The Lioness, by Chris Bohjalian book review

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It all sounded so glamorous. That Hollywood star. Her famous best friends. A touch of her beautiful family. They are Hollywood lions, on their way to safari in the Serengeti. On this luxury excursion, there is even a petroleum-powered ice machine to cool gin and tonics. What could go wrong?

Well, almost everything.

In Chris Bohjalian’s latest book, “The Wind Wind”, things are calm in all a dozen pages before the roar – both humans and animals – begins.

But in that calm, the stage is set. It’s 1964 and Katie Barstow is the queen of Hollywood. Daughter of famous New York theater people with a legacy of alcohol and abuse, she ran to the west coast to have that quiet life. What she found is fame, fortune and good people.

So good that she has decided to turn her honeymoon adventure into a comrade moon. Katie is just married to David Hill – a struggling gallery owner who is also her brother’s best friend from childhood. He was a support during the gloomy times and is now not intimidated by his wife’s bank account – or her choice of honeymoon. Along with them on safari are seven others – including Terrance Dutton, a black actress whose star is rising and with whom Katie has shared some steamy scenes on the big screen. Terrance is only the third black guest led by the safari team and is as much of a star to the staff of Tanzania as Katie.

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They are all in the care of Charlie Patton, a white hunter who sticks to his machismo, his mustache on the handlebars and the fact that he once had Papa Hemingway as a customer. But he will lay down his arms and realize that it is the Hollywood audience that will fill his pockets now, even though they are people who are ready to “photograph elephants, not shoot them. People who might want a zebra blanket or a zebrafish, but who would not see the cursed thing killed. “

And so it begins. The travelers learn from the guides and witness the power of wildebeest crossing the Mara River and the beauty of the giraffes at a waterhole. But very quickly the cameras are dropped. White men in a Land Rover show up out of nowhere. There are shots and it is quite clear that they are not aiming at the giraffes.

The armed men are ruthless Russian mercenaries. Within minutes, they brutally kidnap the Americans and their guides, one was murdered by force while the rest boarded trucks with weapons against their heads. The mantra for everyone is: “Just stay alive. See if we can somehow see the sun rise again. “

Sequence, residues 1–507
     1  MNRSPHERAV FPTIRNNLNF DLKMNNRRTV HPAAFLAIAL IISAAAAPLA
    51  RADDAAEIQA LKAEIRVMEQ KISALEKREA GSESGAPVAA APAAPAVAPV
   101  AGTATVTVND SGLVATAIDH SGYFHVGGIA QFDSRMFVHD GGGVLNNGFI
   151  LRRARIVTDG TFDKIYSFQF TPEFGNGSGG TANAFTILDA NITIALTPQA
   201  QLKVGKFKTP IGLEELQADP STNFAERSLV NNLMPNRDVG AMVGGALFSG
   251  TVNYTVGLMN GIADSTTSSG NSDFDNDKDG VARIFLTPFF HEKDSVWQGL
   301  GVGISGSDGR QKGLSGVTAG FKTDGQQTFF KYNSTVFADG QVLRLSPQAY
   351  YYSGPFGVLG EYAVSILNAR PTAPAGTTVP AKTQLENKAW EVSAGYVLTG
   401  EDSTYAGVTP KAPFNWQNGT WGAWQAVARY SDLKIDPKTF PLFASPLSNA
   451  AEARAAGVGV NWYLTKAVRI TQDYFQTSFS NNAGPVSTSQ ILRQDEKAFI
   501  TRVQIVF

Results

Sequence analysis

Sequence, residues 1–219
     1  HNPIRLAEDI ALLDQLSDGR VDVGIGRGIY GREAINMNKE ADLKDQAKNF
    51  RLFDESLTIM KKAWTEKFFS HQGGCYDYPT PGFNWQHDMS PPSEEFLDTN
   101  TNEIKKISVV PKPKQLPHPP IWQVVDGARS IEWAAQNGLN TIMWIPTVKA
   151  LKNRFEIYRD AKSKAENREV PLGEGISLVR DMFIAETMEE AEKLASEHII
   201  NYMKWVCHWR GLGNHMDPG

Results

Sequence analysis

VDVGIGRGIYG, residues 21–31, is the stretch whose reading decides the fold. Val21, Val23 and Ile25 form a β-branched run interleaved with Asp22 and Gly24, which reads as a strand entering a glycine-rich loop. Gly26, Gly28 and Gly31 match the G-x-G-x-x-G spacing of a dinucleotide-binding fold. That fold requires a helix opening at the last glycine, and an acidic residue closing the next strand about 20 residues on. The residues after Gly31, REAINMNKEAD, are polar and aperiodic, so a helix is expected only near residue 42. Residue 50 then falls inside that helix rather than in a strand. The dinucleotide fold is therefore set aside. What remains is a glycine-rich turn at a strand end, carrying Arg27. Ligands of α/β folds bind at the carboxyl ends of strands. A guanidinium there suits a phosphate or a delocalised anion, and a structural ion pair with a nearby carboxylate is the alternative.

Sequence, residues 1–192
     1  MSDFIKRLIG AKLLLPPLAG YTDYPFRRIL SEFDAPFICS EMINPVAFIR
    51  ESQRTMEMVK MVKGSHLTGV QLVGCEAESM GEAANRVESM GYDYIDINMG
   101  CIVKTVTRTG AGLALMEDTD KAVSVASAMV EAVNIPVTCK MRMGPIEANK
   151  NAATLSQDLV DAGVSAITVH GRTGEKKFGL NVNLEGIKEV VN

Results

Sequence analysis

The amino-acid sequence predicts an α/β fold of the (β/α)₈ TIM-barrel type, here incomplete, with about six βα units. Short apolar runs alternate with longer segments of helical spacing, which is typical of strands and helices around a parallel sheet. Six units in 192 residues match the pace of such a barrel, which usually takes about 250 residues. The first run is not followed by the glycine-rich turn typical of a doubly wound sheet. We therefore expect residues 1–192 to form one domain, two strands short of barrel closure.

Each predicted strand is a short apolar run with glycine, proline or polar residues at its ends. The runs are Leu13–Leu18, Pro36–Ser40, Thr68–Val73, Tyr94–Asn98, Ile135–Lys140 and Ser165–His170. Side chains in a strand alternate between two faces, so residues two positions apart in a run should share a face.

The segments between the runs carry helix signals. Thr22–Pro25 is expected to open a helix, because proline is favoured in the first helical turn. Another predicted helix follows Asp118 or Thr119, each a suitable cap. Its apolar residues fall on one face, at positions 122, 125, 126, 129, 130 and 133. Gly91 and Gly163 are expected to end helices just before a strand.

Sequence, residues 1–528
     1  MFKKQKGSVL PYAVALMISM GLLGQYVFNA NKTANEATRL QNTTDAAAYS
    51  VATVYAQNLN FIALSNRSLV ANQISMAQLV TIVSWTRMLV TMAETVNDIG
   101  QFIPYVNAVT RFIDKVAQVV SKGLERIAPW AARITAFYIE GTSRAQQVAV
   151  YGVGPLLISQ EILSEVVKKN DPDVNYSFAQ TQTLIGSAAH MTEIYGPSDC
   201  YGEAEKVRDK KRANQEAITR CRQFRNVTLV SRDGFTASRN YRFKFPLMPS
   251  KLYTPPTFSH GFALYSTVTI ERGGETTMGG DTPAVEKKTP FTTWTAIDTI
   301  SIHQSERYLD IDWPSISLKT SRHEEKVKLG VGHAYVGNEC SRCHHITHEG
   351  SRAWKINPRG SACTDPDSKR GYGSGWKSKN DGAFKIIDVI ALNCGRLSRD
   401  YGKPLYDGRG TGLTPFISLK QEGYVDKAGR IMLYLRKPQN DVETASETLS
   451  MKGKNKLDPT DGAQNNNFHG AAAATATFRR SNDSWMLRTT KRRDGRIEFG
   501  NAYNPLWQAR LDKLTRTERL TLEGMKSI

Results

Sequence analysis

As the drama unfolds, Bohjalian divides the narrative between all nine Americans and Benjamin Kikwete, one of the group’s young Kenyan porters. Ten narrators is a bold choice, and readers will need the who’s who list provided, but when writing your 23rd book, then your choices should not be bold? That bunch of narrators means no one has enough page time for deep character development, but what is, is rich enough to be revealing, is expertly woven into the present, and the short chapters and changing cast are what make “The Leaf Wind” to a bloody sprint of a reading. (The book has already been selected for a TV series.) And make no mistake, there will be blood. As Katie puts it, to say that the safari had taken a wrong turn, “was like saying that Jack Kennedy’s visit to Dallas had had a few hiccups.”

For some, the horror becomes the hunger games. As in, the actual animals are hungry and human flesh will do just fine. For others, driven through the endless plains, then bound alone, it becomes trying to figure out who the kidnappers are, whether they want to keep them alive for ransom, and of course why?

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Seen against the background of the Congo crisis and the Simba uprising, while at the same time affecting American racism, especially in Hollywood, there are so many reasons why the famous group could have been captured, and the clarification of it all is captivating. But even more, it’s how a group of such prominent people react when they’re landed in hell, and the reason behind their reactions. What did their life look like before this moment? Do they act like the hero? Or can they not play it short when the tragedy is real instead of fictional? In short, would they “rather die laden like a rhino than howl like a goat,” or would absolute panic ensue and the lions be reduced to Hollywood kittens?

In his writing, Bohjalian is anything but a kitten. Smaller writers could not tackle 10 narrators, the complexity of racism in America, African politics, violence both foreign and domestic (as in an apartment in New York) and make the pieces fit together seamlessly. But Bohjalian – whose books include “Hour of the Witch” and “The Flight Attendant” – has repeatedly shown that with him you do not know what you are getting, but you know it is good to get.

With “Løvvinden” the approach is very good. Attracted by the promise of suspense or the guarantee of glamor, readers will stay in the game of survivors and finish the book as happy as a fat cat in the Serengeti.

Karin Tanabe is the author of five books, including most recently “A woman of intelligence. “

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